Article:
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The Chemical Educator

ISSN: 1430-4171 (electronic version)

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Abstract Volume 13 Issue 6 (2008) pp 365-373

Gerold Schwarzenbach (1904–1978) and His School of Anorganische Chemie at the Universität Zürich, Heir Apparent to Alfred Werner (1866–1919)

G. Wayne Craig,* George B. Kauffman, and Walter Schneider

*Lead Finding Research, Oberwilerstrasse 76 CH-4102 Binningen, Switzerland, cralion@sunrise.ch and Department of Chemistry, California State University, Fresno, Fresno, CA 93740-8034, georgek@csufresno.edu; Professor Emeritus of Inorganic Chemistry, Eidgenössiche Technische Hochschule (ETH), Am Pfisterhölzli 48, CH-8606 Greifensee, Switzerland

Published online: 1 December 2008

Abstract. In 1913 Alfred Werner’s (1866–1919) controversial theory of coordination chemistry brought him the Nobel Prize in Chemistry. Unfortunately, after his death there was no clear successor at the Universität Zürich to continue his back-breaking style of investigations in this field with the same excitement and vision. At the time of Werner’s unexpected death Gerold Karl Schwarzenbach (1904–1978) was barely fifteen years of age and still contemplating how he could make a living in his small conservative village. The fate of this young man’s adventure to study chemistry with the hope of working in the silk-dyeing factory where his father was foreman would change his life forever. He not only developed later the enthusiasm and diverse skills to excel in chemistry, but he contributed new concepts to bring inorganic chemistry to a new level.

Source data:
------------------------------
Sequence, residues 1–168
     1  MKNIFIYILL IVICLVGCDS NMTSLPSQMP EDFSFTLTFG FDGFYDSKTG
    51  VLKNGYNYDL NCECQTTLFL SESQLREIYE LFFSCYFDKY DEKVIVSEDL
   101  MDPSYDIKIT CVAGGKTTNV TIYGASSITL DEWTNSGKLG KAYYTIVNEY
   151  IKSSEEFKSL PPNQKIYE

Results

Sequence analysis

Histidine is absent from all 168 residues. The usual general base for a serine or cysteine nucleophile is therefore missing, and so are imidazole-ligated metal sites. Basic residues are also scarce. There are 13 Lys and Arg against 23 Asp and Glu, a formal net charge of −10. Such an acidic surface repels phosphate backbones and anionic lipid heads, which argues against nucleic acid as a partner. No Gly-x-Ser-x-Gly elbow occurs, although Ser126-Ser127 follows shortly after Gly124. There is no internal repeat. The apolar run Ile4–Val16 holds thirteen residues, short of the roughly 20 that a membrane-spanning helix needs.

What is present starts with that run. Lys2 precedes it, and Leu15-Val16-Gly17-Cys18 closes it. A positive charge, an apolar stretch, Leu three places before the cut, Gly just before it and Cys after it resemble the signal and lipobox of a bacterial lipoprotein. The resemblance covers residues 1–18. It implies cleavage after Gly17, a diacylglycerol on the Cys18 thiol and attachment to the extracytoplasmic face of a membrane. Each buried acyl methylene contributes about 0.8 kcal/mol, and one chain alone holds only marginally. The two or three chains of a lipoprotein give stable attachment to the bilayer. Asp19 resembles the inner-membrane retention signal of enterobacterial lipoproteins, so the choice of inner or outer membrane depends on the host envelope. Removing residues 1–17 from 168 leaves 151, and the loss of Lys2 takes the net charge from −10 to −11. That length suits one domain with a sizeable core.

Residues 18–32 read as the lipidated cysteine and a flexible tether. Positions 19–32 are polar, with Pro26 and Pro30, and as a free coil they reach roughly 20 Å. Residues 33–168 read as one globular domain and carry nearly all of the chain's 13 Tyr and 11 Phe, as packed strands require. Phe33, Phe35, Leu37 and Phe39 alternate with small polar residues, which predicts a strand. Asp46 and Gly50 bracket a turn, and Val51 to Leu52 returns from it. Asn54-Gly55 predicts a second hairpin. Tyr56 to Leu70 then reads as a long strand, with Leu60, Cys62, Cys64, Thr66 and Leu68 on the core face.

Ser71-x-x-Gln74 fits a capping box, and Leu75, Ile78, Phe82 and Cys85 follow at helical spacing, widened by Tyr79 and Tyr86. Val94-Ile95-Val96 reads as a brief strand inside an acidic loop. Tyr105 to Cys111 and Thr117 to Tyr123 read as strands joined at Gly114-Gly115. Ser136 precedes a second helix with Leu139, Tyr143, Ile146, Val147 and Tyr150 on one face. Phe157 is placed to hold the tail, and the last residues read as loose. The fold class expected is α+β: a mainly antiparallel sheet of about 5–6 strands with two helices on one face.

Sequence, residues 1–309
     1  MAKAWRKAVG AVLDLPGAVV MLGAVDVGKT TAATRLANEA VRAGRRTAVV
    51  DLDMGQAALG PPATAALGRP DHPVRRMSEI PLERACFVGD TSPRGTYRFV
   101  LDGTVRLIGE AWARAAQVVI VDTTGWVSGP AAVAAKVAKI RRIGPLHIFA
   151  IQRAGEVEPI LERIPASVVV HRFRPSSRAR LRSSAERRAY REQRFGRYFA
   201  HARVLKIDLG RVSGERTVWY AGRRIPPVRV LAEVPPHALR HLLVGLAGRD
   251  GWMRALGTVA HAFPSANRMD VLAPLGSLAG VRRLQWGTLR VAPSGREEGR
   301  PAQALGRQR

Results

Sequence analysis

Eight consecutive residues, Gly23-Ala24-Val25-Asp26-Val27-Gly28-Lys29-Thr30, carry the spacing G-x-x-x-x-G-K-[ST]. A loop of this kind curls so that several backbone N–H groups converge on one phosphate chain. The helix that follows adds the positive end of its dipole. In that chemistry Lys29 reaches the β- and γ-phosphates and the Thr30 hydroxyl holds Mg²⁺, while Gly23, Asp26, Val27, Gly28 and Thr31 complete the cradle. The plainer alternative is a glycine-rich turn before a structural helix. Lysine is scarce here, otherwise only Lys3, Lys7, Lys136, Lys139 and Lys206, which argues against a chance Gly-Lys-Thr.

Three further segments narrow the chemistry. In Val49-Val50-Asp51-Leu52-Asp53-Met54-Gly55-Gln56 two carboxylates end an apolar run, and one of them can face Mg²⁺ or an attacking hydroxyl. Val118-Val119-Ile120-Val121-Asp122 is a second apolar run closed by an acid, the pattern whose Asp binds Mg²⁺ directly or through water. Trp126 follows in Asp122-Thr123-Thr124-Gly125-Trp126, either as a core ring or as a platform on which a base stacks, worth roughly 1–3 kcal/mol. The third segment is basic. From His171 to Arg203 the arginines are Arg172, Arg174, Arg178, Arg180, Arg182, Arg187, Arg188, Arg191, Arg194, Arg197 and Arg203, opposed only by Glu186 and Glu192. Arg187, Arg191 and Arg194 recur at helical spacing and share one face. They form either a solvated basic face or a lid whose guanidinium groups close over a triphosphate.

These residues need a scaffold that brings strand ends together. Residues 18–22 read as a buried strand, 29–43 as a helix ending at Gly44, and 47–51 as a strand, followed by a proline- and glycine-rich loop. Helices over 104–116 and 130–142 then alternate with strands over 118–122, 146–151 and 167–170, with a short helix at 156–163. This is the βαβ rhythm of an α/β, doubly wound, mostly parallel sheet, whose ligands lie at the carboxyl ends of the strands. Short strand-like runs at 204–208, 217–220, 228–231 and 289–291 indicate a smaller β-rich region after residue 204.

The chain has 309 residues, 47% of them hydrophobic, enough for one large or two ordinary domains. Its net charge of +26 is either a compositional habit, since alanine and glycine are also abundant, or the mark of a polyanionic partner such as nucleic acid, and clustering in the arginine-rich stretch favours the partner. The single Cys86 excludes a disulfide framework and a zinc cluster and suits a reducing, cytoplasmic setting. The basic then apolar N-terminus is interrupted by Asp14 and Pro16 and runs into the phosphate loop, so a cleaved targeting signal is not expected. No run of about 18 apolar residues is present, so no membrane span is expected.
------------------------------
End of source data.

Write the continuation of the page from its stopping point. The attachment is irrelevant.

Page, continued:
Key Words: Chemistry and History; chemists in Switzerland; physical chemistry; organic chemistry; electrochemistry; inorganic chemistry; analytical chemistry; coordination chemistry; chelates; biography

(*) Corresponding author. (E-mail: georgek@csufresno.edu)

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Issue date: December 1, 2008

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